Sage ONE Rod Review – Bonefishing

June 7, 2012

in Andros South, Gear

Sage ONE Review

Looking down the barrel of a ONE.

Introduction

Sage introduced the ONE rod series last year as a replacement for their venerable Z-Axis series.  We’ve spent a bunch of time fishing ONE rods on South Andros, from pre-production 7 weights to the right-up-the-middle 890-4, to the borderline-for-bonefishing 691-4.  We’ve had a ton of fun fishing these rods on the flats, so we thought we’d tell you all about it.

The majority of what we have to say today is based on the 890-4 ONE.  Your 9 foot 8 weight is the standard in the world of bonefishing, and it’s the ONE (we’ll try to make that our first and last ONE pun) we’ve spent the most time with.  We’ll talk about another option in the series way down below, but in general you can consider this a review of the 890-4 ONE.

But They’re Not Saltwater Rods!

Yep, you’re right.  They’re not.  Sage has their Xi3 lineup of dedicated saltwater rods.  They also have their TCX series of super fast rods that get fished a lot in the salt – and we’ve run posts about both.

So why do we care about the Sage ONE Rods?  Well, they’re fast (plenty fast enough for flats fishing), they’re light, they’re accurate and they’re fun to cast.  They’re also versatile enough that you can fish them in a lot of different places.

Overall Design

Sage has a lot to say about the ‘Konnectic Technology’ that goes into the ONE series – you can read about all the technical details on Sage’s web site right here.

We’re not smart enough to understand a lot of that stuff, but basically it all translates to ‘they’re light and fast and accurate’.  More on all of those topics below.

These rods are all black, with metallic black thread wraps.  They look pretty cool, we think.

And light they are.  It was just last year that Sage launched their Xi3 lineup of saltwater rods.  Xi3s are known to be light.  An 890-4 Xi3 weighs 3 7/8 oz, and an 890-4 ONE weighs 3 1/2 oz.  3/8 of an ounce isn’t a lot of weight, but you’re talking 10% lighter, and 10% lighter in a 9 foot long object is actually pretty noticeable.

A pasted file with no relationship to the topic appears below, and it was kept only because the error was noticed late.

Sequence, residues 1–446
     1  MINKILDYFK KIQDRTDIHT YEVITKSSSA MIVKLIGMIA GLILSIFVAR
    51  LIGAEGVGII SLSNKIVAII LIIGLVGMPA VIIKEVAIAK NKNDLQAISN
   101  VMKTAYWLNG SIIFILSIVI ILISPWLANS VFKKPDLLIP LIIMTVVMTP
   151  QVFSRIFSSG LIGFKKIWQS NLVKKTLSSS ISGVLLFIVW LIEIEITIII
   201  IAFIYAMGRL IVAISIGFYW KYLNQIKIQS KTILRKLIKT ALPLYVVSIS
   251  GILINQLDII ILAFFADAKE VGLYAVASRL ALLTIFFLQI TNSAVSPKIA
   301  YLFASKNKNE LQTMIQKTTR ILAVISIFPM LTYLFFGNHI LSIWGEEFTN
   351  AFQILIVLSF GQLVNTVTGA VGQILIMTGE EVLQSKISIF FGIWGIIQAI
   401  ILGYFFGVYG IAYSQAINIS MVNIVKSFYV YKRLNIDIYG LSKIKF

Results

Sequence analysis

Fishing Performance

OK, finally the stuff you’re looking for.  The 890-4 ONE is fast and light and accurate.

These rods have a really nice, lively feel.  Although they’re fast, you can feel the load throughout the rod, even without a ton of line out.  This is a really important point for us on South Andros Island, where 30 foot shots are much more common than 80 foot shots.  We need to get the line out there quickly – and the 890-4 ONE represents the best combination we’ve ever fished of powerful, fast action, but with great ability to load up short and fast.

We’ll admit to being skeptical when we first heard Sage’s pitch for the ONE series about ‘Accuracy Redefined’.  Really?  This is 2012 – all rods are accurate…right? Well…after a whole bunch of shots at bonefish on the flats of South Andros, we buy it.  It’s a significant difference – look at that spot where you want to land your fly, make a nice straight back cast, deliver the forward cast and…voila!  Watch your fly land where you wanted it to.  Seriously, it’s pretty amazing.  Torsional forces and fiber alignment aren’t really in our comfort zone – but we’ve got to admit that the fly tends to land where you want it to.

This is an ‘all around’ rod, not a saltwater rod.  Saltwater rods tend to have beefier butt sections, which help punch through wind, and also help fight powerful saltwater fish.  During our time fishing the ONE rods at Andros South, we never had a concern about casting in the wind – there was plenty of ability to generate lots of line speed.  If there was one slight misgiving about fishing these rods on Andros, it was that they don’t quite have the fish fighting ability of a true saltwater rod.  When we hooked fish on the ‘supertanker’ range of the spectrum down there, it would have been nice to have a little more butt section – or a 9 weight.

Other comments made by great anglers who fished the Sage 890-4 ONE with us-

  • “The relatively soft tip helps absorb the shock of fishing a heavy fly.”
  • “Surprisingly powerful given the weight, even into the wind.”

Line Match

At Andros South we tend to recommend lines with pretty aggressive front tapers, to help turn over big flies and deliver at short to moderate distances quickly.  The Rio Tropical Clouser is our all time favorite down there – and we were surprised when it felt a little clunky on the Sage 890-4 ONE.

The 8 weight ONE is an all-around rod and casts pretty true to its line rating, so those aggressive lines seem not to be the best match.  We love the 890-4 ONE with a standard Rio Bonefish line in an 8 weight – surprisingly we like the Bonefish line more on the ONE than we do on the saltwater-dedicated Xi3 (where we’ll take a Tropical Clouser, thank you very much).  The Bonefish line loads the ONE well enough that we didn’t have any problems getting our big flies turned over, even at short distances.